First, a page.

Dungy's defense is revolutionizing the league because it's allowing coaches to use personnel in a variety of ways. A big college safety can put on a few pounds and be a weakside linebacker. The Colts won 14 games last season with a 5-11, 235-pound middle linebacker, Gary Brackett.

And the evolution isn't stopping at linebacker. Weakside linebacker bodies are taking over the strongside position. Those 6-4, 255-pound strongside linebackers are getting a try at defensive end if they have the quickness to get to the quarterback. Dungy is taking some 265- to 275-pound defensive ends and putting them at tackle to take advantage of their quickness. Dungy, like Bill Belichick and others, has turned cornerbacks into safeties and switched them back when necessary.

NFL defenses are geared more toward speed, and the pace is quickening. When in doubt, teams will draft a quick defender ahead of an offensive skill player because speedy defenders are harder to find as the draft proceeds. Still, the weakside linebacker position is the gateway to beginning the process of overhauling a slow defense.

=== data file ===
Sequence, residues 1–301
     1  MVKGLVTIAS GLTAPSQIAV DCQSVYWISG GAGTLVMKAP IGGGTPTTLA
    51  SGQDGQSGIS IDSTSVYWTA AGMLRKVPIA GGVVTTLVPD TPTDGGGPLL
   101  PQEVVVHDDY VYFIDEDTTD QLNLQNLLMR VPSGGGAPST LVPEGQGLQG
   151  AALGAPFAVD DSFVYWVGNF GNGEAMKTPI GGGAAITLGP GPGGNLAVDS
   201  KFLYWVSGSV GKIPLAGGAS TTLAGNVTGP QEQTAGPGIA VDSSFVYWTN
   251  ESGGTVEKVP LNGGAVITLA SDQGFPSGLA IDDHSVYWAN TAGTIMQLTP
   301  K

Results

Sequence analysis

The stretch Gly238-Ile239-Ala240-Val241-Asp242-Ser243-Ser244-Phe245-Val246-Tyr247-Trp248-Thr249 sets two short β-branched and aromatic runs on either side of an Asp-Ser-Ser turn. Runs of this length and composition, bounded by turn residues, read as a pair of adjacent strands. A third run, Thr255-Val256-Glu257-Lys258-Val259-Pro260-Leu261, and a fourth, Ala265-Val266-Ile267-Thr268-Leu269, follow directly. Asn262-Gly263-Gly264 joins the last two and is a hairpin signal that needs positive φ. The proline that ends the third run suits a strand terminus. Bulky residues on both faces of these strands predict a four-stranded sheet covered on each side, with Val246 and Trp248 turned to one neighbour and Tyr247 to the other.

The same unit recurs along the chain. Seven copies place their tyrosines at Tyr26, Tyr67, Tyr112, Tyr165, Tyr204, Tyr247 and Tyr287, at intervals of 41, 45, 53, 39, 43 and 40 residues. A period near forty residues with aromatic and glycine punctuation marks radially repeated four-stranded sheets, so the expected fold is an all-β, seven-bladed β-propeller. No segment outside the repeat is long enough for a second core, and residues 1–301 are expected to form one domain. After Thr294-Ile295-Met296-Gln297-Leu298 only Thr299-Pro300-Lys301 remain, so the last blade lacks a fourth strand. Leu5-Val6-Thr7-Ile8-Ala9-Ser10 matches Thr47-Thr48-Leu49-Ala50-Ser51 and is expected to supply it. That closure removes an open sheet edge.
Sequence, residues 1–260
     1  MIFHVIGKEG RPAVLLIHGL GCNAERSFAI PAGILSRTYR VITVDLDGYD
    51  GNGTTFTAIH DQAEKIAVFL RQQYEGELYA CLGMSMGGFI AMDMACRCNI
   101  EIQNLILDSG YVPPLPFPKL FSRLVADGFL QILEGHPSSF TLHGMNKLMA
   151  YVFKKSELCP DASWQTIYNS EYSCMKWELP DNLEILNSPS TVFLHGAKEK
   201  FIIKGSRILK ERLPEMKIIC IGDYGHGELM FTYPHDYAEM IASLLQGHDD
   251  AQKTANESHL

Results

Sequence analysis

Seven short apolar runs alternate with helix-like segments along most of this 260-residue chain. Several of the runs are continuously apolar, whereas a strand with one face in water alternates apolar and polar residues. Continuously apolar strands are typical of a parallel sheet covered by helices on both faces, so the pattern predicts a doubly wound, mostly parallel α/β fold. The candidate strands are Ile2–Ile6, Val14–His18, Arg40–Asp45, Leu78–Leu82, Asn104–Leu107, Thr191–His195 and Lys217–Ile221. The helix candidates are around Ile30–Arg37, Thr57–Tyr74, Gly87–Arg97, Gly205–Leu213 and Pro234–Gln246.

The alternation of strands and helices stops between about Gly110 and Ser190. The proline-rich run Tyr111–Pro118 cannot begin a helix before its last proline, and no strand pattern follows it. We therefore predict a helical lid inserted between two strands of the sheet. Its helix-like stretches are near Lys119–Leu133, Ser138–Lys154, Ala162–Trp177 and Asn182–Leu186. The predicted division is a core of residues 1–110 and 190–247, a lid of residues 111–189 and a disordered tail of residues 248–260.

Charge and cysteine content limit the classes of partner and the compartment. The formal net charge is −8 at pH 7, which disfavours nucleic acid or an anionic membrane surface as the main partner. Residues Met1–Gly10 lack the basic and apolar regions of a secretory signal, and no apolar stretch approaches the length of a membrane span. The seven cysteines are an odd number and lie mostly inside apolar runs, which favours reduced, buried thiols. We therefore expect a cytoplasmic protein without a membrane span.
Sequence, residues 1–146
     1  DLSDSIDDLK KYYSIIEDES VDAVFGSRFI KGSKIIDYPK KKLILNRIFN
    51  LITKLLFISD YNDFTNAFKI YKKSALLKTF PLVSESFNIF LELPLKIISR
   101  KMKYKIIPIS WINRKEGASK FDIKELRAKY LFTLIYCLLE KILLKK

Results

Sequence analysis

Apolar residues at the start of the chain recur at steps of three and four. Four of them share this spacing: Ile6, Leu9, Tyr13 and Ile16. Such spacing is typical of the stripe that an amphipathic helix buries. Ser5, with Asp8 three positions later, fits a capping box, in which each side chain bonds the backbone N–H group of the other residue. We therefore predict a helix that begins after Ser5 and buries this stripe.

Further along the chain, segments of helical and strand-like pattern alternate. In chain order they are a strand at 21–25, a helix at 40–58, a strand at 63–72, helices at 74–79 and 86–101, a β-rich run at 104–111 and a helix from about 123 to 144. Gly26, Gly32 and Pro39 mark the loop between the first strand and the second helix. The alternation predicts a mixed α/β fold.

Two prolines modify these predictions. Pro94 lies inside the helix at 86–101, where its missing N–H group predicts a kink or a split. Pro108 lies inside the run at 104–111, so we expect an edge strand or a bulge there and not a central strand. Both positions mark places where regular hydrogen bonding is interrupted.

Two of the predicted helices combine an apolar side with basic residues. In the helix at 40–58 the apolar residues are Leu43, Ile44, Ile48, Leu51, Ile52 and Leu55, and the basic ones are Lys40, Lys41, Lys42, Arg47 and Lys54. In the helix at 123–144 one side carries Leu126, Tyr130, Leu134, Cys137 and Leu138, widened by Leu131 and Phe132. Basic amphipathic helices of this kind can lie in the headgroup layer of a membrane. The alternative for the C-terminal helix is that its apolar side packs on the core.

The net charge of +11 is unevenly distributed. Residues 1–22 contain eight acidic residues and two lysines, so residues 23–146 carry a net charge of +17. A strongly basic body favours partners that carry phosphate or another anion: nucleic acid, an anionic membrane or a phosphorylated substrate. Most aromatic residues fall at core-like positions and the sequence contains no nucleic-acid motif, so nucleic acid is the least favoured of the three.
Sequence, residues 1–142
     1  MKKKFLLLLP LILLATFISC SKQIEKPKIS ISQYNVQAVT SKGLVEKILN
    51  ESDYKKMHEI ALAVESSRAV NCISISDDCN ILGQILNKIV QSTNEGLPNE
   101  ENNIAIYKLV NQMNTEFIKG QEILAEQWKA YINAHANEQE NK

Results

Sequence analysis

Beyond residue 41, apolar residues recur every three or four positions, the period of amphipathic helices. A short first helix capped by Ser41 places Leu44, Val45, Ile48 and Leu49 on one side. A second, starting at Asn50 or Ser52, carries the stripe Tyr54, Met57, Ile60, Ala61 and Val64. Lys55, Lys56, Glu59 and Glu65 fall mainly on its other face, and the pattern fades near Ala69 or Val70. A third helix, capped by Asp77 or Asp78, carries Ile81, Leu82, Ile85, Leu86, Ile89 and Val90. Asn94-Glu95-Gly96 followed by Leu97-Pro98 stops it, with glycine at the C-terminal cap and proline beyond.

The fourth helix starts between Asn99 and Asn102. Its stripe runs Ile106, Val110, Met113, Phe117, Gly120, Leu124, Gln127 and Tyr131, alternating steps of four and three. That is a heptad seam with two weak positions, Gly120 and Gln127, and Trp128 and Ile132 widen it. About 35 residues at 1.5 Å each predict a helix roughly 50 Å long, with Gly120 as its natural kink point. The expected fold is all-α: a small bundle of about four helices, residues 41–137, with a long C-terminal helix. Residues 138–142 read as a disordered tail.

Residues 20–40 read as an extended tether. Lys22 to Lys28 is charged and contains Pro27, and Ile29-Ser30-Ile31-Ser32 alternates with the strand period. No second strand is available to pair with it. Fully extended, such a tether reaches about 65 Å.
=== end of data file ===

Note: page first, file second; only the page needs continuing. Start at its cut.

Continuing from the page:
If that weakside linebacker is slow, he better move to the strong side. And if he's still too slow at strongside linebacker, he better move off the field.

The Seahawks spent $54 million to get a weakside linebacker, Julian Peterson, who has the speed to cover a tight end or a halfback. The Giants are thinking about putting LaVar Arrington on the strong side, but he's one of those rare weakside linebackers who is big enough to knock down tackles yet fast enough to get to the quarterback.

Whether it's weak side or strong side, the evolution at linebacker has everything to do with speed, and in reality those positions are becoming interchangeable. It won't be long before moving to the strong side will be considered a sign that a player is losing a step because of the extra speed required on the weak side. But, eventually, offenses will adjust to the increasing speed and smaller defensive bodies running around.

"Eventually, teams will line up in two-tight-end sets and pound the ball with the running game," Reese said.

Until then, enjoy the speed.

John Clayton is a senior writer for ESPN.com.